The Chester Sidell Gallery is delighted to have this year five Caribbean artists bringing their recent work inspired by the colors, tones and forms from the Caribbean with hyperrealism influences; the details on their compositions and the colorful work transport our minds to these artists worlds.
Melanio Guzmán - Moca, Republica Dominicana.
Karina Rodriguez - La Romana, República Dominicana.
Eddy Ochoa Guzmán - Cuba
Erick De Leon Medina- San Cristóbal, República Dominicana
Francisco Collado - San Cristóbal, República Dominicana
Thirteen-foot blue pigmented images of people in stages of leaving, growing away, and dying, paper the walls of the Beland Gallery in Dominique Zeltzman’s immersive sound and paper installation. Relentless domestic internal monologue permeates the space—narrated interviews on leaving, her daughter practicing mandolin, voice mail messages from her mother with dementia. Framed 36”x7” images of paintings on photocopies of the original portrait snap shots, scanned, and printed again, mimic the transition and departure of the subjects who leave behind physical traces and memory.
The Sidell Gallery at the Essex Art Center is delighted to present the artwork by Drew Cameron from California, co-founder / director of Combat Paper Project and Nathan Lewis, artist and writer from New York; artists will share their transformative and healing experience through the process of paper making and art making with their uniforms worn during service. Both, Mr. Cameron and Mr. Lewis are Iraq War Veterans.
Combat Paper provides a unique experience and interaction with veterans and civilians, including sharing veterans' experiences through the language of art. There is also a direct connection among material, the uniforms and military objects, which are interpreted through the art form. The intergenerational conflicts that have been experienced in this country have shown us better methods of sharing the sacrifice.
On February 14th, 2003, I was a soldier in the U.S Army and deployed to Kuwait in preparation for the invasion of Iraq. After five weeks of waiting in the desert we finally received our orders to assault and the war began. As we went into the breech lanes that cut through the mine fields to force our way into Iraq, the brutal reality of what was about to happen sunk in. At that moment I vowed that if I made it home alive, I would rededicate my life to making art. While I was deployed all I could think of was being home. What I did not know then was that Iraq would come back with me.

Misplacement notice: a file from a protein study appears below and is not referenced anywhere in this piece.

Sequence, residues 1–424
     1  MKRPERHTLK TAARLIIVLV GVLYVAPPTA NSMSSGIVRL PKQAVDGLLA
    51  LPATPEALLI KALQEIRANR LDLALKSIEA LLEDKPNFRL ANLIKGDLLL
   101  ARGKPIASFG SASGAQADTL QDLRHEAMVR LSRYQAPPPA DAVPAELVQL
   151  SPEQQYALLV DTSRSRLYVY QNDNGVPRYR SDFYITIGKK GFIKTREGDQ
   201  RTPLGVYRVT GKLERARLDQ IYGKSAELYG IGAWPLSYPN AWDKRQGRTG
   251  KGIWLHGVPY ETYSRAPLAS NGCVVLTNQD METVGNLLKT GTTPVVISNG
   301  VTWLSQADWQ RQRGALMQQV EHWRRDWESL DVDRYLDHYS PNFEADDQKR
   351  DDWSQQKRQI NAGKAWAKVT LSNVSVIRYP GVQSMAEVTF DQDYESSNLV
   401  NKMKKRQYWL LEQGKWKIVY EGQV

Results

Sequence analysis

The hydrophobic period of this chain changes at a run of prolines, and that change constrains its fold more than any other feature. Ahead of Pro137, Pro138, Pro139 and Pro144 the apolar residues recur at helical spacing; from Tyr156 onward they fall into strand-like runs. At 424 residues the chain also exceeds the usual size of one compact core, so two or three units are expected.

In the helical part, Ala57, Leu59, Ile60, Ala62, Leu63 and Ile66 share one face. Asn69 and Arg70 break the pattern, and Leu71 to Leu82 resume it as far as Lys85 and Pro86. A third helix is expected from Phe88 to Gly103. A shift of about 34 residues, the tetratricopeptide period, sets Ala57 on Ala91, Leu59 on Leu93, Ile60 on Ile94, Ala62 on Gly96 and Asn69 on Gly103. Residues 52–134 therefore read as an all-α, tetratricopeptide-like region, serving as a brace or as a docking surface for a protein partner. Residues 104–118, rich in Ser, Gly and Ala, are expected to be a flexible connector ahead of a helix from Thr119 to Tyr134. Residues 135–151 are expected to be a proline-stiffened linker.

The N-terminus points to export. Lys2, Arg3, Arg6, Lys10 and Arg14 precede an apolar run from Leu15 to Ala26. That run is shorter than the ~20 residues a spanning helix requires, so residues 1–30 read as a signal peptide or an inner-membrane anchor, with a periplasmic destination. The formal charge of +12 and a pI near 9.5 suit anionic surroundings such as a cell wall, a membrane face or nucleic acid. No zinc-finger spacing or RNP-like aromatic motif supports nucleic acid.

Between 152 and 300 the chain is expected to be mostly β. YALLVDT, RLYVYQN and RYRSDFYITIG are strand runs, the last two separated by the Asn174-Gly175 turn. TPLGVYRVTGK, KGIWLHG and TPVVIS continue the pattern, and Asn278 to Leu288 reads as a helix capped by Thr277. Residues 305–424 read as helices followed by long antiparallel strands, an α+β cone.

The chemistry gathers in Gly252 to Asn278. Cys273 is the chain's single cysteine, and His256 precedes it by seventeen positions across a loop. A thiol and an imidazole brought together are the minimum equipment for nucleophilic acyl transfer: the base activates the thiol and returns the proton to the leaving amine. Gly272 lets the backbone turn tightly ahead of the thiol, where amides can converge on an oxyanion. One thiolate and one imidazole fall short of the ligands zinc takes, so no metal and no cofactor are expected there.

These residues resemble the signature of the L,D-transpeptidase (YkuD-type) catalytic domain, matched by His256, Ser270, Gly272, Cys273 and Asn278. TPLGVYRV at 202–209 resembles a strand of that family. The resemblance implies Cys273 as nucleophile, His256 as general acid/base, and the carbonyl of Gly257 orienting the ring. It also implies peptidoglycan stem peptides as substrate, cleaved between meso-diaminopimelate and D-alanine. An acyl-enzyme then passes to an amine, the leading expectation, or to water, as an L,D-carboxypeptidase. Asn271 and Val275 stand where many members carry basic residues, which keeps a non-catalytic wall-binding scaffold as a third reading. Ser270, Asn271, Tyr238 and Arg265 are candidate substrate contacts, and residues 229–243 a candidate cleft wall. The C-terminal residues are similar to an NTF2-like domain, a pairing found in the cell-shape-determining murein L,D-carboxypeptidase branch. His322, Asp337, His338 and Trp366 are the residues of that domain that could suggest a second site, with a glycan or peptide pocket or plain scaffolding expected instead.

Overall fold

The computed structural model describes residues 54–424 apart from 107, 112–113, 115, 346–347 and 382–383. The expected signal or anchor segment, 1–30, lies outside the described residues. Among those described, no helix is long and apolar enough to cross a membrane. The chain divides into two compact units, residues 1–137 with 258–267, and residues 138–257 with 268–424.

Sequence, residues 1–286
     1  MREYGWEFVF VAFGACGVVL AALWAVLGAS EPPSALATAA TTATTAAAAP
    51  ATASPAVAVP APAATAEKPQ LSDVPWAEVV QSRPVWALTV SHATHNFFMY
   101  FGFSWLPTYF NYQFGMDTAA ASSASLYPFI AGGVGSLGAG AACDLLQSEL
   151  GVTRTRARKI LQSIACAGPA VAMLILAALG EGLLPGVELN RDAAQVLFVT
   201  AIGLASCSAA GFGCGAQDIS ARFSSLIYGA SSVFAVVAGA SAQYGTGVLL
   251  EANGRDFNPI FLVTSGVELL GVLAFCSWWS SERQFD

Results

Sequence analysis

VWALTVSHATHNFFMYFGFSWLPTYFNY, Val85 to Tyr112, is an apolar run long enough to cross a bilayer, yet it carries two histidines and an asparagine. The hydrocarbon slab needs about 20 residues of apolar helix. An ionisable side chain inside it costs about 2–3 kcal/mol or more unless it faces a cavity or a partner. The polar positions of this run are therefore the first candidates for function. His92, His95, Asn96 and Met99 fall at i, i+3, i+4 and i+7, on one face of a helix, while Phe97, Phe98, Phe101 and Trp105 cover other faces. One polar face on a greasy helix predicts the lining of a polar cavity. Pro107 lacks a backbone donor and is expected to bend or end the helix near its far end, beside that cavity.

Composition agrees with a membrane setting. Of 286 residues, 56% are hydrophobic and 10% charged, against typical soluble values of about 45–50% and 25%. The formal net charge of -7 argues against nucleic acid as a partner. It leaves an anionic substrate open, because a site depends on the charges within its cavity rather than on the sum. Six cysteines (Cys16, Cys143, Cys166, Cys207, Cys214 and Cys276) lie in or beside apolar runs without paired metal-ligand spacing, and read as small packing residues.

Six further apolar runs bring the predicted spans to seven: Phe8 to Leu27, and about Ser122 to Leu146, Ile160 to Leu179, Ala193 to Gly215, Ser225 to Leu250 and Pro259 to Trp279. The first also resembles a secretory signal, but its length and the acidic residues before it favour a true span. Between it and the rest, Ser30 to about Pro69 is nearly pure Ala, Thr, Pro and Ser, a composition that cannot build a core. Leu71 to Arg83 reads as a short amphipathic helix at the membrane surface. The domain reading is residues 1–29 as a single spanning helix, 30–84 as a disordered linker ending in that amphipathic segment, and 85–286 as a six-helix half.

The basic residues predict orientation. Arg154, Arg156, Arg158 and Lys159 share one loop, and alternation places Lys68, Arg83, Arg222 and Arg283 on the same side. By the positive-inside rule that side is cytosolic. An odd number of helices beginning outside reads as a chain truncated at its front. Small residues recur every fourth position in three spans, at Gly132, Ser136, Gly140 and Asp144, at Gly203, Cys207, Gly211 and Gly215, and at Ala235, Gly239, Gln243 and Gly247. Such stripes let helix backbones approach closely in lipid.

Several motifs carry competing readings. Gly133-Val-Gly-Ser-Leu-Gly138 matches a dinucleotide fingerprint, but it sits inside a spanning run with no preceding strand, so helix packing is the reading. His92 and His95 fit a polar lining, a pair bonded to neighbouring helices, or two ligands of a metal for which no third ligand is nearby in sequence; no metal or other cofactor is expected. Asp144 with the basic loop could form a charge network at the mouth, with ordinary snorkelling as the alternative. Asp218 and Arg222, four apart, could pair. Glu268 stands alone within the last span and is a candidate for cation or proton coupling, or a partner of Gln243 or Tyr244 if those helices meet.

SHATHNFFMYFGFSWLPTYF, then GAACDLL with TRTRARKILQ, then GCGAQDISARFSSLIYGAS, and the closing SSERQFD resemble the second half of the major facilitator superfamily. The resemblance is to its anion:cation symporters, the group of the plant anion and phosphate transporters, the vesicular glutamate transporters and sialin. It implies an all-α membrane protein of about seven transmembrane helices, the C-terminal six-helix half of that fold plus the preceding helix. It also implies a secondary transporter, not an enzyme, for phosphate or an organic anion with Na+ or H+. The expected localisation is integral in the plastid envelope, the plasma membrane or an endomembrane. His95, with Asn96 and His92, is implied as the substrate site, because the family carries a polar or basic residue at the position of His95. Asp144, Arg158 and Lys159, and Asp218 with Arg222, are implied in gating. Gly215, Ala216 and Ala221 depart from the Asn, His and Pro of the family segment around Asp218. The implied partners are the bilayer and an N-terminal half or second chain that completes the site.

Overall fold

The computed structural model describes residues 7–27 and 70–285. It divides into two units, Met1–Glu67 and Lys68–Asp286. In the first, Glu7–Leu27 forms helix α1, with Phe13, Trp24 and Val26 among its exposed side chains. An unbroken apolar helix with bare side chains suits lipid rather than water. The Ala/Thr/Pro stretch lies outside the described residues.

When people find out I was in Iraq they want to know what it was like. I never know how to respond to this, so I simply say, “It was hot”. How can I sum up the horrible things I saw in a simple sentence? How can I say I am no longer the same person, and not for the better? In her book, Regarding the Pain of Others, Susan Sontag writes: “Transformation is the purpose of art.” At first this seems obvious, but this statement seized me and I could see the potential on many levels. “The War in Iraq” is my response to this question. My goal is to provide an honest perspective of the war that no amount of news coverage can give. By reconstructing my combat experience in visual terms it becomes possible to express something that I cannot articulate otherwise.
The theme of war in art has a long tradition. Artists such as Jacques Callot, Francisco Goya and Otto Dix used printmaking to show the brutality of war and humanity at its worst. I am using their work as a template for examining war in a modern context. I hope these drawings and prints will convey the fear, boredom, hunger, exhaustion, discomfort, loneliness, sheer terror, and the ever present looming unknown that is the daily reality for soldiers in combat.